For list of announcements in preceding years (also in reverse chronological order), please click here for: 2017; 2016; 2015; and 2014. This page serves as the home (or front) page of the blog; if you’re using a smartphone or accessing this on an app, you can jump to the other major sections by choosing them from the Menu option above. The search box, copyright notice, and Creative Commons Attribution will also appear at the bottom of every page on the website version of Ámauteurish! In general, when an entry’s permanent listing in this blog is unspecified, it will be found in its appropriate year in the Extras section. For researchers: Endnote numbers provide same-page two-way jumps – from any endnote number in the body text to the endnote itself, and from the latter’s numerical indicator back to the endnote’s position in the body text. As a demonstration, kindly click on the endnote number at the end of this paragraph.
January 13 – Announced as “available” by January 16, Manila by Night, an entry in Arsenal Pulp Press’s Queer Film Classics series, may now be ordered online via Amazon.
December 18 – The release dates of two of my book publications, SINÉ: The YES! List of 100+ Films That Celebrate Philippine Cinema and the Manila by Night monograph, have both been moved to early 2018.
November 11 – The first Glory Awards of the College of Mass Communication Alumni Association of the University of the Philippines: a report with mini-album.
October 26 – “Seeds in the Garden of Letters” is my review of Patrick F. Campos’s The End of National Cinema, published in the July-December 2017 issue of Humanities Diliman.
October 7 – Colleagues at the Association of Filipino Educators in Korea, after a lecture-seminar I conducted on Academic Journal Writing and Publication (I’m fifth from the left). I hope to be able to finalize the lecture and upload it eventually.
September 18 – My review of Treb Monteras II’s Respeto, originally published in The FilAm, has been corrected and updated, with the same title: “Film May Be Dead, but Film Culture Is Alive and Well.” Some bases for the corrections may be found in the record of exchanges that I kept: “Source Exchange for Review of Respeto.” For now, this article will be maintained in this blog’s Remarks section.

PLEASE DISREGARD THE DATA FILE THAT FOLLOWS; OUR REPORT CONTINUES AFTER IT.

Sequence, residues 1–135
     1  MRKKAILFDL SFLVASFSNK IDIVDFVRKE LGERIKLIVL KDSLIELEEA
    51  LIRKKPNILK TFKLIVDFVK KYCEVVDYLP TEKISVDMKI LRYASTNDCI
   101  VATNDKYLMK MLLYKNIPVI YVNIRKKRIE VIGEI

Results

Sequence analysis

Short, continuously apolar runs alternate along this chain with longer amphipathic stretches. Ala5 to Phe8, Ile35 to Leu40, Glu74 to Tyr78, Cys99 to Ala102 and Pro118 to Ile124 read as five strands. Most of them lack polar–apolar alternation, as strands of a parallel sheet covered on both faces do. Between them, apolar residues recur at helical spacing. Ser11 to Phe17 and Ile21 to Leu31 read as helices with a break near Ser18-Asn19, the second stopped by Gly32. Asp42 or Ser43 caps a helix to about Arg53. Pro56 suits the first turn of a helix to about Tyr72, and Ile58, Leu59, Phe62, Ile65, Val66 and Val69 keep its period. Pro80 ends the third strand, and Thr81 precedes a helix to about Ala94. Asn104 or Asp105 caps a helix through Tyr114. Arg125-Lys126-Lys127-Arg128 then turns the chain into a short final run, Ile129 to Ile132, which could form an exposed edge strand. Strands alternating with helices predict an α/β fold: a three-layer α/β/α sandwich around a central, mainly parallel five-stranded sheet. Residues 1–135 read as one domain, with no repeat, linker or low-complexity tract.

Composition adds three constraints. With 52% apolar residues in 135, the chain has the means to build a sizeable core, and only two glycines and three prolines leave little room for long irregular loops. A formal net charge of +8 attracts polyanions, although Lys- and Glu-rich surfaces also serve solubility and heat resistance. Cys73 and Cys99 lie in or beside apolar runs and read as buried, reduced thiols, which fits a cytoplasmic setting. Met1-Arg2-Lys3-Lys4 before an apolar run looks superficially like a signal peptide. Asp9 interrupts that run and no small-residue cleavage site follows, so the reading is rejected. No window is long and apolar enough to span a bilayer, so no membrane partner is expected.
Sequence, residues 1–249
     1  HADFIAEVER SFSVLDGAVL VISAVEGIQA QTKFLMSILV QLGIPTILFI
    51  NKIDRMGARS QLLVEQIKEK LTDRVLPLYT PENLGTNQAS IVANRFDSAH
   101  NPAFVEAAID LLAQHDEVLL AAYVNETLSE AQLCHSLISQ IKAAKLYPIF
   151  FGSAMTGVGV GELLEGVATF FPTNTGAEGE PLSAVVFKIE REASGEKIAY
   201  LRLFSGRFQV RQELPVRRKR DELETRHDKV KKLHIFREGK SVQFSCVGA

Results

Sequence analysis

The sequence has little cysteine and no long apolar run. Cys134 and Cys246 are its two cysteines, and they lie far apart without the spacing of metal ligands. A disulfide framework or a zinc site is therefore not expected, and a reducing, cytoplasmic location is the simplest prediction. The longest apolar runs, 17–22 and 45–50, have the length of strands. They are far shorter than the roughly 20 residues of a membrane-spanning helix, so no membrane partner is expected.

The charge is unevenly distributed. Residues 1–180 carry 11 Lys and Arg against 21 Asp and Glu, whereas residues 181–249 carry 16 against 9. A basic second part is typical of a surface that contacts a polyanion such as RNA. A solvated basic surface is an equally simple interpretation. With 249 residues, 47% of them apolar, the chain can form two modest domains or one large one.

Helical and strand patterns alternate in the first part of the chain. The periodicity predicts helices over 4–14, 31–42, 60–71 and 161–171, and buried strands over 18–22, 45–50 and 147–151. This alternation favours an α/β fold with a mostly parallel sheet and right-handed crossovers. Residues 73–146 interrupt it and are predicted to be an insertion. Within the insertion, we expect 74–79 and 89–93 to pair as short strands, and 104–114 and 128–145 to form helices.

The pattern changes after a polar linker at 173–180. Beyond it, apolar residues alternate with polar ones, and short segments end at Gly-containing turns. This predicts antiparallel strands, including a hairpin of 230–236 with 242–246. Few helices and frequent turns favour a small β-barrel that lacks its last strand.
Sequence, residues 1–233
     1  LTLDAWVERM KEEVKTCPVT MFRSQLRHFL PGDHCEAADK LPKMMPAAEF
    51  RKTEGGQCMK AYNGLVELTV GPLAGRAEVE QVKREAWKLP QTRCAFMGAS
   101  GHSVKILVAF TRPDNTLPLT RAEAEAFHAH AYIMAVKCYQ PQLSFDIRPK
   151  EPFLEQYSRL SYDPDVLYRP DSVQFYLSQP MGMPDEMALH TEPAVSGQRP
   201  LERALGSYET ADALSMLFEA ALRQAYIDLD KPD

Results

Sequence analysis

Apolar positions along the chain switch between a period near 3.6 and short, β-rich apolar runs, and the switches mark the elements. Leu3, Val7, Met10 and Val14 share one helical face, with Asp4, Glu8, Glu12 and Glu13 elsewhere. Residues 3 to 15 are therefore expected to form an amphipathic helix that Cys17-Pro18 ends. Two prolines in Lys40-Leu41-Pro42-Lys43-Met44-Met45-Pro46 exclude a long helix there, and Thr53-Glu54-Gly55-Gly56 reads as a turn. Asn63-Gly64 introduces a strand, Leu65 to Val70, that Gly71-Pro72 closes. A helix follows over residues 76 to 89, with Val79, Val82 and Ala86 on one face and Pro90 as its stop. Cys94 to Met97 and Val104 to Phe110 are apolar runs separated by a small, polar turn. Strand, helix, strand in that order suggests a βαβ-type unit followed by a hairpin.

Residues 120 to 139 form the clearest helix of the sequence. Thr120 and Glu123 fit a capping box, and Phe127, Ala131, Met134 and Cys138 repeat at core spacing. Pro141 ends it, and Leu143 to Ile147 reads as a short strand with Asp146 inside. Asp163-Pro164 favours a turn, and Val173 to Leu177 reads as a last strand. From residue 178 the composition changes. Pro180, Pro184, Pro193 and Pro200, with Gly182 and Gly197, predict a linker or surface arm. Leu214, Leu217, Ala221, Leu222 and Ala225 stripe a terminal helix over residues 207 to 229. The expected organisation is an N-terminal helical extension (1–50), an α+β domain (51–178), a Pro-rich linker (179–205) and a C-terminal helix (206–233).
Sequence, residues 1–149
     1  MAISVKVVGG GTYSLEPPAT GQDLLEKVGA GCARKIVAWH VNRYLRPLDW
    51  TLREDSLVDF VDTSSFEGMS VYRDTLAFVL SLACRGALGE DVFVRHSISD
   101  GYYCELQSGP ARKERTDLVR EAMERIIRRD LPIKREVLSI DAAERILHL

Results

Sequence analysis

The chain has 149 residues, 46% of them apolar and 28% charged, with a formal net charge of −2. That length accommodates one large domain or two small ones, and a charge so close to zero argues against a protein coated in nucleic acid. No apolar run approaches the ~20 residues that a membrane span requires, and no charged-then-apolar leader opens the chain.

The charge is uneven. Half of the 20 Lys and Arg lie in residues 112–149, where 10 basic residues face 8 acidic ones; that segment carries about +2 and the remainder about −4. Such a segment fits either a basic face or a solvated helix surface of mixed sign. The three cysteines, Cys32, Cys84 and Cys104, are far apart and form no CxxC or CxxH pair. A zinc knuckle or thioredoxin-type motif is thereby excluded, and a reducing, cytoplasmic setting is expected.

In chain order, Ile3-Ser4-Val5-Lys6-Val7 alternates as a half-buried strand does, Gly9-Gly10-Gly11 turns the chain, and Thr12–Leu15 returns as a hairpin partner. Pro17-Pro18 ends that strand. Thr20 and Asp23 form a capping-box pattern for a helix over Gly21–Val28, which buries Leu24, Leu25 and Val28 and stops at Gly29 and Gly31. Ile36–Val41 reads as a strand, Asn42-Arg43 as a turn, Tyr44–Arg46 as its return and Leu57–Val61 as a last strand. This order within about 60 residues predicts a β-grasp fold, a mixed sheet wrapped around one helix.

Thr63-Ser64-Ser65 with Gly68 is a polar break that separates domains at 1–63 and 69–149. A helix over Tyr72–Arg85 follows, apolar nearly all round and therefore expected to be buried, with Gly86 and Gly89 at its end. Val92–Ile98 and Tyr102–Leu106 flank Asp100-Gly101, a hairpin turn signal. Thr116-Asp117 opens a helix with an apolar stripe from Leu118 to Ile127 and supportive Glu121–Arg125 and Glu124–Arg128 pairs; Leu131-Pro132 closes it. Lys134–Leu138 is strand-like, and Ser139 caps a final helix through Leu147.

August 25 – Videos on Ámauteurish! (posted on the Extras page) are now sourced from Vimeo instead of YouTube.
August 18 – “Film May Be Dead, but Film Culture Is Alive and Well” is my review, published at The FilAm, of Treb Monteras II’s Respeto.
August 13 – “Source Exchange for ‘The Transnational Pastime’” is the original material for “The Transnational Pastime: An Interview with Joel David,” conducted by Paul Douglas Grant, a professor of film at the University of San Carlos in Cebu City, and published in the June 2017 (volume 4, number 1) issue of Plaridel.
August 6 – Two-way page jumps are now available for all articles with endnotes. This means the reader may click on an endnote number in the body text to be able to read the endnote; afterward, clicking on the endnote’s numerical indicator will return the reader to her previous position in the body text. This feature will be incorporated in the introduction to this page.
July 17 – I delivered a lecture titled Understanding Film & Culture, from 1:30 p.m. to 4 p.m., at the Bonifacio Hall of the Polytechnic University of the Philippines. The invitation was extended by Evangelina S. Seril (Dean of the College of Arts and Letters) via Gigi Felix-Velarde David, a professor at PUP’s Theater Arts program, who also provided the rather smallish accompanying pic.
July 4 – A 12-page interview article (including an extensive Q&A) by Paul Douglas Grant, a professor of film at the University of San Carlos in Cebu City, titled “The Transnational Pastime: An Interview with Joel David,” appears in the volume 4, number 1 (June 2017) issue of Plaridel, the journal of the University of the Philippines’s College of Mass Communication.
 Endnotes will be located at the end of an article’s body text, before any list of works cited. To return to the position of the endnote indicator in the body text, please click on the number immediately preceding this note.